Resilience | Energy | Movement
Mindset Principle: Resilience
By: Rachel Poppe
Sometimes you just can’t catch a break.
Your car breaks down. Do you not go to work or school because you can’t drive your car? You find a way to get it fixed, and in the meantime you find other ways to get where you need to go. You burn dinner in the oven. Do you not eat that night because you can’t eat the burnt food? You make something else, or order takeout. You find yourself on the bench during games. Do you quit because you aren’t getting playing time? You spend more hours in the weight room and on the field on your own to get better to prove you deserve that playing time.
Resilience: the capacity to recover quickly from difficulties; toughness. To be resilient means to not let hardship slow you down or hinder your journey. Whether it’s in life or in sports, the resilient are the ones who don’t take ‘no’ for an answer.
“Success is not final, failure is not fatal; it is the courage to continue that counts.” – Winston Churchill
Nutrition Principle: Energy
Eating the right combination of foods can help maximize your energy throughout your day and during training. One key is eating often and eating light. Eating smaller meals every 3-4 hours can help fuel your metabolism while maintaining muscle mass and help to avoid overeating. Keeping the meals balanced with a complex carb, lean protein and vitamin-rich vegetables and fruits can encourage sustained energy through caloric intake.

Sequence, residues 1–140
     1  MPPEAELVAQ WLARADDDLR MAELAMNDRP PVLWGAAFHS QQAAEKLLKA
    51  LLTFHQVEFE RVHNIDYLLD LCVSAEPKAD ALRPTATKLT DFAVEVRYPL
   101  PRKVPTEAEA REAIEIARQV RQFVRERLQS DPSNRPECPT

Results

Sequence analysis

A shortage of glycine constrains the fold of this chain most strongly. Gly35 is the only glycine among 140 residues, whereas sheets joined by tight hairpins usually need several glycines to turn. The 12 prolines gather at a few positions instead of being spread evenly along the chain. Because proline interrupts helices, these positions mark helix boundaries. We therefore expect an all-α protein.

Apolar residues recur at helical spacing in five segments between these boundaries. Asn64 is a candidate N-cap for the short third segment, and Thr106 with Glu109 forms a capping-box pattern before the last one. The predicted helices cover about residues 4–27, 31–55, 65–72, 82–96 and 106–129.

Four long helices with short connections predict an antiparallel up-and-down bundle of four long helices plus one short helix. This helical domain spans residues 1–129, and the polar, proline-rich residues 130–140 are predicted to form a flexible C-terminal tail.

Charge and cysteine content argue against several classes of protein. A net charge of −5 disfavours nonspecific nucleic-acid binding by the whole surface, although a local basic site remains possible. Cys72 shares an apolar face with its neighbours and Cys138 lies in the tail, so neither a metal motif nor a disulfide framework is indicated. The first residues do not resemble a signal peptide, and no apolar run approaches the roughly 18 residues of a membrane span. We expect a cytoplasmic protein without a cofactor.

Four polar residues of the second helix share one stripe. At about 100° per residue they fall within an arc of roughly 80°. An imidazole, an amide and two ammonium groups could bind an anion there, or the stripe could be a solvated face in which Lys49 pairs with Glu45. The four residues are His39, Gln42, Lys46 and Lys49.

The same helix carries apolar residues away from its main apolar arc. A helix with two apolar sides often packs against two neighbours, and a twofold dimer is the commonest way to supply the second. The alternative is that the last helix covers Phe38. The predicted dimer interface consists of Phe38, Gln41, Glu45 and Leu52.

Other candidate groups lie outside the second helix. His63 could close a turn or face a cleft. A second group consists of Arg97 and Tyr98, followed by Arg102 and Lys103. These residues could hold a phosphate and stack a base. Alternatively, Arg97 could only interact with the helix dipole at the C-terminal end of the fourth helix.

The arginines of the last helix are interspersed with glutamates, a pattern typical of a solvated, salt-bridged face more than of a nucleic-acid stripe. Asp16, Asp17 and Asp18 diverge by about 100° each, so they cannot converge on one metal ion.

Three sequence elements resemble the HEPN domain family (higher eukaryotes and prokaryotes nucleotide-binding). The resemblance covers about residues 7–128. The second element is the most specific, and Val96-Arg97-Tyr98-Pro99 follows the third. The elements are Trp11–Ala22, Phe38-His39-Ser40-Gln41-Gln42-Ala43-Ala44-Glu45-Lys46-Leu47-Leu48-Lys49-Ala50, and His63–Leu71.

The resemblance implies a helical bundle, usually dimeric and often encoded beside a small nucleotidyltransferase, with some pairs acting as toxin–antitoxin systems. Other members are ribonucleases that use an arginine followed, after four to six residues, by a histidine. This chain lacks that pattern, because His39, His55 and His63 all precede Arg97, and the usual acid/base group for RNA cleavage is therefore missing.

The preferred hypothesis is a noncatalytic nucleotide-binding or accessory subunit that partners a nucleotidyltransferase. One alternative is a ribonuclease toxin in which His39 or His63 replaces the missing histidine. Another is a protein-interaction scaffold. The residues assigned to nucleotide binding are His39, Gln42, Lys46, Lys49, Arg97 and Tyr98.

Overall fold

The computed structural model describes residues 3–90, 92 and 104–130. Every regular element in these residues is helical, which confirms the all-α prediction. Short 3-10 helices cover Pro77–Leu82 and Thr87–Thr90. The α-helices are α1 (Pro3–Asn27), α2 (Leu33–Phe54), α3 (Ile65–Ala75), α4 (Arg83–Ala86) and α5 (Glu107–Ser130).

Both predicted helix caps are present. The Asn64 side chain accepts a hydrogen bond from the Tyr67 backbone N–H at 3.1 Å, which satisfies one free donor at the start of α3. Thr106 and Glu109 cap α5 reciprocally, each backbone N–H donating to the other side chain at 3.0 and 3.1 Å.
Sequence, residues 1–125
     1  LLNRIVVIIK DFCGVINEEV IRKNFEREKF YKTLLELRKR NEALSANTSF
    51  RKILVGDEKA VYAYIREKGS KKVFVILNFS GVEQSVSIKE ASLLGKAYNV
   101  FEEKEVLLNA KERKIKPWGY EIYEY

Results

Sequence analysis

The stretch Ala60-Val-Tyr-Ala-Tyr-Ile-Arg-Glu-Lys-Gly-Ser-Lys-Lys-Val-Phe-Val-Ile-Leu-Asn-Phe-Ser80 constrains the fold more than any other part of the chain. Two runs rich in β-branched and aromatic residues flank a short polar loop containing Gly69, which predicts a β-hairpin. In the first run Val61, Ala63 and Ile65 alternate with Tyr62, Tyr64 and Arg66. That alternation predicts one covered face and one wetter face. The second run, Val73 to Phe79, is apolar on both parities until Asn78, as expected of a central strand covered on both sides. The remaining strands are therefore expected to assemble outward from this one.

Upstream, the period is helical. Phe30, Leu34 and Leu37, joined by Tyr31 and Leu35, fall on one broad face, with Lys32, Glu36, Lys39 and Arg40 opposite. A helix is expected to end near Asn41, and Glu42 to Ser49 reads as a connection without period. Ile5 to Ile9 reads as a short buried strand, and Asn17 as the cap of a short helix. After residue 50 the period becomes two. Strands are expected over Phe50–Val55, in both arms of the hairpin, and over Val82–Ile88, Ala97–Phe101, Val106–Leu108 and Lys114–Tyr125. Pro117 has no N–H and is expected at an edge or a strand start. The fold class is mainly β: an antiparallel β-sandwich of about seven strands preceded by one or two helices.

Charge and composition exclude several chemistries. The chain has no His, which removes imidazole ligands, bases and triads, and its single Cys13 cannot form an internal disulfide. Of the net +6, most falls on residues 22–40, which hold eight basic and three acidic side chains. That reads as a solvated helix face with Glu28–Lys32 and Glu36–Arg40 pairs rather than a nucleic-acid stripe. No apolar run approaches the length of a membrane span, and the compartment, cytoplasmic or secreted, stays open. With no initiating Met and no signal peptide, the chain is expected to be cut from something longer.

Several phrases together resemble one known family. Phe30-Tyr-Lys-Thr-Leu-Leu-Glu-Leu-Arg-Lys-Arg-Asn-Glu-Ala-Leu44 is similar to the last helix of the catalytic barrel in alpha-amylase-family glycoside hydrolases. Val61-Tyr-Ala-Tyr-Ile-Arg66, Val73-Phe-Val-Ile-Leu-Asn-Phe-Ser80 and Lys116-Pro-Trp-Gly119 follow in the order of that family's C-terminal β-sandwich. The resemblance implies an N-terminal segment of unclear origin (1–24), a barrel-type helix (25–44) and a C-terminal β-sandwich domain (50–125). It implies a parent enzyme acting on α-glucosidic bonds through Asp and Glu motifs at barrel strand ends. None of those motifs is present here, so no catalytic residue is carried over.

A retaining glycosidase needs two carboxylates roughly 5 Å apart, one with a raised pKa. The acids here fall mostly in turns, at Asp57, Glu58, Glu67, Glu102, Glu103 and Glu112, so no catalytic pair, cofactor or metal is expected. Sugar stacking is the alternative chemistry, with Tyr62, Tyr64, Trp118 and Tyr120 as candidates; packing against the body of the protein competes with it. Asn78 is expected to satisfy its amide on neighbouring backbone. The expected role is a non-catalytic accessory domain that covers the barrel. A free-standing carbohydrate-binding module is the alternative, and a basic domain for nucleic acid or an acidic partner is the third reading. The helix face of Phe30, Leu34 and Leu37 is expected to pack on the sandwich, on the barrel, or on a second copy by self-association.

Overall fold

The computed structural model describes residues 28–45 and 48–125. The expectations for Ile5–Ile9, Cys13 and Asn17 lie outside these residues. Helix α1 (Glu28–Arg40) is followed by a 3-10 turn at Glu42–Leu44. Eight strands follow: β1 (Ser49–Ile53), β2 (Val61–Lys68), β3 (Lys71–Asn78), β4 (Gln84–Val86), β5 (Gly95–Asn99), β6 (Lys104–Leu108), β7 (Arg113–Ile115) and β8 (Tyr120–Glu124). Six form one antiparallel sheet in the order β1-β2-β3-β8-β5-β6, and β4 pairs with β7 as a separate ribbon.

Energy is an essential part of athletic performance for practice, training, and in-game performance.
Physical Principle: Movement
Of all our physical principles, movement is the most important building block we have. While the concept is simple, the implementation is, unfortunately, often overlooked in many athletic development programs.
We approach movement as a core foundation of everything we do. Before an athlete can excel on the field/court, they must first be able to move efficiently. Because of this, we take all our athletes through an in-depth bio-mechanical assessment in which we look at an athlete’s:
- Joint Mobility/Stability
- Body’s Balance
- Functional Movement
- Motor Control
From there, we’re able to create a personalized workout program that re-educates our athletes’ bodies and movement patterns. Only after an athlete is able to move properly and effectively are they able to see improvements in the weight room that will translate to their in-game performance. Sometimes this means taking a perceived “step backward”, but it’s actually a step in the right direction.
“We all want progress, but if you’re on the wrong road, progress means doing an about-turn and walking back to the right road; in that case, the man who turns back soonest is the most progressive.” – C.S. Lewis